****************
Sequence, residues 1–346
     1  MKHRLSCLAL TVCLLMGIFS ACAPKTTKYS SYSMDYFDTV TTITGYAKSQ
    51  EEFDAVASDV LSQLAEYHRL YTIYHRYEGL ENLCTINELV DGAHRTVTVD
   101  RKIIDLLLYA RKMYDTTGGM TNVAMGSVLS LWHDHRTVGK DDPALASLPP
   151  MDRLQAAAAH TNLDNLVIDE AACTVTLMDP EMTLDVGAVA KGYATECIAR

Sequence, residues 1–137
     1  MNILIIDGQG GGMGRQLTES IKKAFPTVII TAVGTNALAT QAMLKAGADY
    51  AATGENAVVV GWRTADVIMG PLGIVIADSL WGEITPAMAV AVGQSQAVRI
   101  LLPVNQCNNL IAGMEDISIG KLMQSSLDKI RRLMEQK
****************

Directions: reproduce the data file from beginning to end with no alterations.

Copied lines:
Sequence, residues 1–346
     1  MKHRLSCLAL TVCLLMGIFS ACAPKTTKYS SYSMDYFDTV TTITGYAKSQ
    51  EEFDAVASDV LSQLAEYHRL YTIYHRYEGL ENLCTINELV DGAHRTVTVD
   101  RKIIDLLLYA RKMYDTTGGM TNVAMGSVLS LWHDHRTVGK DDPALASLPP
   151  MDRLQAAAAH TNLDNLVIDE AACTVTLMDP EMTLDVGAVA KGYATECIAR

Sequence, residues 1–137
     1  MNILIIDGQG GGMGRQLTES IKKAFPTVII TAVGTNALAT QAMLKAGADY
    51  AATGENAVVV GWRTADVIMG PLGIVIADSL WGEITPAMAV AVGQSQAVRI
   101  LLPVNQCNNL IAGMEDISIG KLMQSSLDKI RRLMEQK